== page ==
Still, if one can ignore the indignity of Blue Demon losing his pants (and really, if you want to watch lucha films from this era, "indignity" shouldn't even be in your dictionary), Guanajuato has a lot of fun things to recommend it. Blue and Mil are in good form and are losing their fights in fun enough ways - well, ignoring the various times when Blue gets knocked out from behind.

There's just about a quarter of an hour of actual filler, consisting of some light touristy bits and two musical numbers and so little comical relief that blinking really means missing this time around. That's next to nothing in lucha time and should be absolutely no problem for anyone seeking out a film like this. Even better, the rest of the film is surprisingly fast-paced with nary a scene that does not contain some interesting view into the private life of our masked hero friends or some mummeriffic dastardly deed.

The two ringside fighting sequences (the second of the two a quasi dream sequence in which Satan relives his traumatic defeat at the hands of the old Santo) are some of the more dynamic you'll get to see in lucha films, with an audience that seems to be honestly enthusiastic and directed with exciting and fresh ideas like different camera angles and honest to god fast editing.

Even the organ heavy easy listening music has a strange and uncommon whiff of having been chosen with a discerning ear, that is to say, it does from time to time show an actual connection with the things happening on screen, something like a minor triumph if you ask me.

It's perfectly reasonable to praise the film's director Federico Curiel for the high entertainment value of the proceedings. Curiel directed more lucha and Mexican pulpy horror films in his life than most people have seen, among them personal favourites of mine like the Nostradamus series, La Venganza de las mujeres vampiro or Los campeones justicieros. Of course, he's also responsible for Ssuperzam el invencible, one of the more terrible crimes against humanity committed by cinema. Still, what I wanted to say before I started to list film titles and gaze into the abyss that is Ssuperzam is that Curiel was perfectly able to make an exciting piece of pop/pulp cinema as long as he got at least a little money and something that could be called a film script in the broader sense.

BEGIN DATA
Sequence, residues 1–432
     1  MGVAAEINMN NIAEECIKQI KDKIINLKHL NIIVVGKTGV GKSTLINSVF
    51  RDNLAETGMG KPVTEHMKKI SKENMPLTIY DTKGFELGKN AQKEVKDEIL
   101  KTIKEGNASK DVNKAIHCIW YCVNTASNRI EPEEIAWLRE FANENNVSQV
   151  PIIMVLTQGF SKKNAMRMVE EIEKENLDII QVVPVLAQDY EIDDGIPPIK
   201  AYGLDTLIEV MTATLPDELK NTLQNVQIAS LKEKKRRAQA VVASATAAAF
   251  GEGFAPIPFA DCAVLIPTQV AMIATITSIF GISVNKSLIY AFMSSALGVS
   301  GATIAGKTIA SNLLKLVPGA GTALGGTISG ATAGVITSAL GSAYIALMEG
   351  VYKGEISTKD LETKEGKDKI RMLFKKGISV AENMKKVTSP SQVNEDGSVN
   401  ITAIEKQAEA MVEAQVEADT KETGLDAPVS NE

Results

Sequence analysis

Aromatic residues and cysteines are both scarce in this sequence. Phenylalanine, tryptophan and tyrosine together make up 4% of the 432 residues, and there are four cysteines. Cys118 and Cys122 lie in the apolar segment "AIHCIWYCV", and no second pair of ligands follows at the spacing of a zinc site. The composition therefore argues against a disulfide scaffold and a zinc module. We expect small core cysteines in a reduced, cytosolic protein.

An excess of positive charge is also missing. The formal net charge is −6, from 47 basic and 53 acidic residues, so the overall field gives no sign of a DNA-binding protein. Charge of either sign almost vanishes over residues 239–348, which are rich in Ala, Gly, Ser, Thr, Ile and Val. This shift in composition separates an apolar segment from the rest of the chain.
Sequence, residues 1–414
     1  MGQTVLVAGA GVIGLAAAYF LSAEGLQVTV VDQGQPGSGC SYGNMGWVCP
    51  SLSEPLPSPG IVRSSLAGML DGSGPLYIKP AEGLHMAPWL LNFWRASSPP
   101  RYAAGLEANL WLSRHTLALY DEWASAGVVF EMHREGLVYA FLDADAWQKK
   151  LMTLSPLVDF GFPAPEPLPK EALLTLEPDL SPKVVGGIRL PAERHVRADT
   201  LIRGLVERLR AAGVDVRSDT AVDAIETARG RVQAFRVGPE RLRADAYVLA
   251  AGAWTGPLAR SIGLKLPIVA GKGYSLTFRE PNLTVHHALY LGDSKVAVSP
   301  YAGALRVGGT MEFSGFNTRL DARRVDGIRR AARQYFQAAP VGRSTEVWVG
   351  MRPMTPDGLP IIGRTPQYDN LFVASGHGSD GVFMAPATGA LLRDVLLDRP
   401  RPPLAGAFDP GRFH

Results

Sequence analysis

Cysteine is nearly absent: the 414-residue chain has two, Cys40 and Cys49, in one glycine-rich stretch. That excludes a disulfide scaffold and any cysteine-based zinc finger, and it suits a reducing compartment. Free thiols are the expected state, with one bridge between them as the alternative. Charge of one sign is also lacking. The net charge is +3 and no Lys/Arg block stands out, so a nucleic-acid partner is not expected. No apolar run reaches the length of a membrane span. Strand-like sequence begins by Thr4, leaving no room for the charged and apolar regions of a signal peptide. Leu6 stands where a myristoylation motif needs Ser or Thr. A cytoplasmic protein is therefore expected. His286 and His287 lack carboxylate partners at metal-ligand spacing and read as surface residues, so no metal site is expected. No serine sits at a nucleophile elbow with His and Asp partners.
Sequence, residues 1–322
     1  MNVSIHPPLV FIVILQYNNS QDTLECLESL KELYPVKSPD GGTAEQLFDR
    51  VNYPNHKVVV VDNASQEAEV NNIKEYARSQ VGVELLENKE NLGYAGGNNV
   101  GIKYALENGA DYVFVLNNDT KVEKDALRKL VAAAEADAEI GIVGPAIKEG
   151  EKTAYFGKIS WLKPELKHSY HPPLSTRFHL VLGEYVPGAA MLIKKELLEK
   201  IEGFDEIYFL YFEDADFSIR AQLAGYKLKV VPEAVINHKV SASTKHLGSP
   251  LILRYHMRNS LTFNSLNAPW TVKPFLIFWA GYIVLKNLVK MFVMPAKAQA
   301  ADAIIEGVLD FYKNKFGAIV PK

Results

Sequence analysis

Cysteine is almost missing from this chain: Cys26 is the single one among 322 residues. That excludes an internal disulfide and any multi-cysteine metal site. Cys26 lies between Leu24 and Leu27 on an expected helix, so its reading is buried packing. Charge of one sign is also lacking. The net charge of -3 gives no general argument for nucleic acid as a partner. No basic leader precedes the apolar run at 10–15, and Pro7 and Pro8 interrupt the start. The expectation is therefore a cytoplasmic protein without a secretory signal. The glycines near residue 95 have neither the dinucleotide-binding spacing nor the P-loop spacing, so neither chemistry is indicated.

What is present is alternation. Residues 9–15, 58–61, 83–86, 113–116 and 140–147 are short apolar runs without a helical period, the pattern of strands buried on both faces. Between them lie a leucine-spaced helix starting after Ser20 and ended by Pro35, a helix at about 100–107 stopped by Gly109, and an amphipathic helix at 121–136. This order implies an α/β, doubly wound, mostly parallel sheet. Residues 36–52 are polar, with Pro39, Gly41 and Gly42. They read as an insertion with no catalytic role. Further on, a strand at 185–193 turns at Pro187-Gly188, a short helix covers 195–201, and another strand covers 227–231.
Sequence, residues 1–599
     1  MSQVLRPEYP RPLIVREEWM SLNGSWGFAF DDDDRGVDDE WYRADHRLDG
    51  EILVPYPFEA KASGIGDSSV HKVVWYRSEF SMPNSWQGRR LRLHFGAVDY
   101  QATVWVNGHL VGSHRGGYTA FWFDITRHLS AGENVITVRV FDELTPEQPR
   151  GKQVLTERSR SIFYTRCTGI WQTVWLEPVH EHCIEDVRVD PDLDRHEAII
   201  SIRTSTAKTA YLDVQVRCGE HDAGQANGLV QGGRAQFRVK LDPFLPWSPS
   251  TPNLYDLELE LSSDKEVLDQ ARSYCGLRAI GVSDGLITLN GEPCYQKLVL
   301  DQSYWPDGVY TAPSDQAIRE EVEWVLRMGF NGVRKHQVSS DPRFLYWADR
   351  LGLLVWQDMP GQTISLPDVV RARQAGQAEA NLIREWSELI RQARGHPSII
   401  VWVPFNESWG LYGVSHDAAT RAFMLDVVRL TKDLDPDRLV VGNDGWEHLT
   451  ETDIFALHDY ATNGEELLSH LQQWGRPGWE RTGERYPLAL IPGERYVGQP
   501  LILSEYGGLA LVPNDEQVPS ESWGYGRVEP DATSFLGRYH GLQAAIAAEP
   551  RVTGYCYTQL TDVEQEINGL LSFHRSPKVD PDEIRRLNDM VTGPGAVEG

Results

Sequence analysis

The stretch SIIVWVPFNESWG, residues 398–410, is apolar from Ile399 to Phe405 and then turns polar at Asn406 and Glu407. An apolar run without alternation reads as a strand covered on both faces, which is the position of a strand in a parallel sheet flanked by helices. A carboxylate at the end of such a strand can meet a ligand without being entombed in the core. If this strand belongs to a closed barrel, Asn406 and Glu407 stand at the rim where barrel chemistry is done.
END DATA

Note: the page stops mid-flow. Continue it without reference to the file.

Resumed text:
With luck, Curiel would even remember some of the things about the use of shadow in horror sequences he must have learned while making black and white films and apply them to his colour work to give some scenes an actual sense of mood and style. More often, there is an uncontrolled, dynamic feel to Curiel's work that is of course a product of the need to shoot his films fast and on the cheap for producers who couldn't care less about quality.

But this friction between actual talent (that does not need to be high-minded or even consciously interested in producing anything of quality, mind you) and pure greed is often where the fun happens in pop & pulp cinema.

And Las Momias De Guanajuato is a lot of fun.